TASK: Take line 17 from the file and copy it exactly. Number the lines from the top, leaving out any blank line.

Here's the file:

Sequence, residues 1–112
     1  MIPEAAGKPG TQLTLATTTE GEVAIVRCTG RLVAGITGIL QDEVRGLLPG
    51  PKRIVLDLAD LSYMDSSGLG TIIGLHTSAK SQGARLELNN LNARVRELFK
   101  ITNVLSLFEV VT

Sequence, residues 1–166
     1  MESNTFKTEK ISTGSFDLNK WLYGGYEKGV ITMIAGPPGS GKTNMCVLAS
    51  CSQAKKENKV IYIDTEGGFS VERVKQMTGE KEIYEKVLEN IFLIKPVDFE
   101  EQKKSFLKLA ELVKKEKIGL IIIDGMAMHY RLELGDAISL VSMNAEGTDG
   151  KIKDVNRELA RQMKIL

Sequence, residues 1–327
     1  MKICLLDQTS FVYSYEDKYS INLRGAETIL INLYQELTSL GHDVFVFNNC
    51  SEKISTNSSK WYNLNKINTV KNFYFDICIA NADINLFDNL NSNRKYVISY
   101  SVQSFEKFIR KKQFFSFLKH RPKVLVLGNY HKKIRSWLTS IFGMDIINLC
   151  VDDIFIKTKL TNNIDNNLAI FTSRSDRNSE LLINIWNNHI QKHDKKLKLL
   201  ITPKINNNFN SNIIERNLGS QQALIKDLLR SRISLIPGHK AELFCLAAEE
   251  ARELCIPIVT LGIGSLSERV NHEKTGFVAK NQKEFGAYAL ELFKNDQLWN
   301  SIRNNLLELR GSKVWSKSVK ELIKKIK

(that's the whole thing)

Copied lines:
   301  SIRNNLLELR GSKVWSKSVK ELIKKIK